Allegory of the Return of the Bourbons on 24 April 1814:Louis XVIII Lifting France from Its Ruins
A painting by Louis-Philippe Crépin at Versailles
Today is the two hundredth anniversary of the return of the Bourbon dynasty to France in the restoration of 1814. King Louis XVIII returned to his kingdom at Calais, entering Paris on May 3rd.
In this allegorical painting the King, robed and crowned - he was in fact never to be have a coronation at Rheims due to his physical incapacity - is shown raising a somewhat distree personification of France. He is surrounded by his relatives, with, on the left, the seated figure of Madame Royale, Marie-Thérèse, daughter of King Louis XVI and Queen Marie Antoinette, who had been married to her cousin Louis, Duc d'Angoulème, who stands beside her, and who was the elder son of the King's younger brother Count of Artois, the future King Charles X, who was acting as Lieutenant -General of the Realm in anticipation of King Louis' return.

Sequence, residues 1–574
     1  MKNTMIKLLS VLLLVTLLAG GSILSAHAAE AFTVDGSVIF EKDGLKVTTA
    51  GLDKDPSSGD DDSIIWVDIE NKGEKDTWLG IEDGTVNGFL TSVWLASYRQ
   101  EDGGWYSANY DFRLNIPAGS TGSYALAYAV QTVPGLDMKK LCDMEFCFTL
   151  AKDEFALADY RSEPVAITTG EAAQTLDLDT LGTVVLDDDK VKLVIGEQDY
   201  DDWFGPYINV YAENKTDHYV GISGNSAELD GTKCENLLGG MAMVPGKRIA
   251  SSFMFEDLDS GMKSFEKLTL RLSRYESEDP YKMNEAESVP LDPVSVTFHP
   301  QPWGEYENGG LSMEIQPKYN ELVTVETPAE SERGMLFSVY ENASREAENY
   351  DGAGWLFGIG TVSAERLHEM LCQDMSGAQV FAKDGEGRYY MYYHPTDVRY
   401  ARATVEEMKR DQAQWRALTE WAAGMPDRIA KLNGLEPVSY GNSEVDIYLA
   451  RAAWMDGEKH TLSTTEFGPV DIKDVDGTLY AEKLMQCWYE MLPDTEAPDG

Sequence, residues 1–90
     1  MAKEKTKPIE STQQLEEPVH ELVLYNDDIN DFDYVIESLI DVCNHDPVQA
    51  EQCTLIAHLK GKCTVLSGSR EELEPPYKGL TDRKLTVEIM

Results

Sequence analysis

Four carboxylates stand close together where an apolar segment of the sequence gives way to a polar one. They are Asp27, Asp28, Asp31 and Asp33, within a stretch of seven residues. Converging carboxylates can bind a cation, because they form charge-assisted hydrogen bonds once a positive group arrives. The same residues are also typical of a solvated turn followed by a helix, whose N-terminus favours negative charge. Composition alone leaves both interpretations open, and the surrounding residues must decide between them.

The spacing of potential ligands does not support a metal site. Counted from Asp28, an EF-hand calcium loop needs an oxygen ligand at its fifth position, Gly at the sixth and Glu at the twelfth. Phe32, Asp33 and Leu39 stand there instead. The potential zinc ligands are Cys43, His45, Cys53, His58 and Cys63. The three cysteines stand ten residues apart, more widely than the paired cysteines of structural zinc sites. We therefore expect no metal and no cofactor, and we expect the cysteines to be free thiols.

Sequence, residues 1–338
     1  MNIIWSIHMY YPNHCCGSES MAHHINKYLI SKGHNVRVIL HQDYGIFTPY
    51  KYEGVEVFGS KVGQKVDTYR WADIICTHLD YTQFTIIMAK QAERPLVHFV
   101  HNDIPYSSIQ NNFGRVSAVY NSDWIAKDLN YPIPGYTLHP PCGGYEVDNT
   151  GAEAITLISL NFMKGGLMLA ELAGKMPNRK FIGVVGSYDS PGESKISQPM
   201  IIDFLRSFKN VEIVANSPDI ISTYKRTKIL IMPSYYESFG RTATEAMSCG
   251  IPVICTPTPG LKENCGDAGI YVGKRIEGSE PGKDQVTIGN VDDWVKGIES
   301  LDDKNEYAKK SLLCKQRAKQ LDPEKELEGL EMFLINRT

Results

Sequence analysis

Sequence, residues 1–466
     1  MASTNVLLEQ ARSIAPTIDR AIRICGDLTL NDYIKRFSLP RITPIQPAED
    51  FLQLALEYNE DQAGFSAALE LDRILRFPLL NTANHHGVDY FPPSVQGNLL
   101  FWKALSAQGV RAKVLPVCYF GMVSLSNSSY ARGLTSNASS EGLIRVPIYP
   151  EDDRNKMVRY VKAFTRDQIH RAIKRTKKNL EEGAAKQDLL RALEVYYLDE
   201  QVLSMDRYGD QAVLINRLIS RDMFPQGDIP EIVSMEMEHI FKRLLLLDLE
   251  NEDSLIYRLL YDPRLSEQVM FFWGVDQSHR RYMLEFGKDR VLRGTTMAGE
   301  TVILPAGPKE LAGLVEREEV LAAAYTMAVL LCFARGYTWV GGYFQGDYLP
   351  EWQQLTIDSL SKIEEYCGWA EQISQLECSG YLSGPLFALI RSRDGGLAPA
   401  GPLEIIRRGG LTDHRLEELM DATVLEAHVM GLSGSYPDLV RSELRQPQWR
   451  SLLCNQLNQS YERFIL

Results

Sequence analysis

Image; Magnolia Box
The Arrival of King Louis XVIII at Calais in 1814
Edward Bird (1772-1819)
Image: BBC Your Pictures
The misfortune of France, in my opinion, since 1814 is that the Restoration celebrated in these images was not to last - consolidated under King Louis XVIII, jeopardised by King Charles X and his advisors, but not such that it might not have endured it was to be followed by a whole series of constitional experiments from 1830 onwards that have done little for the country, and at times its survival has indeed been in question. It is the enduring strengths of France, and they are far older than anything set off in 1789, which have enabled it to survive, and it is those which attract me on my visits.
Vive le Roi!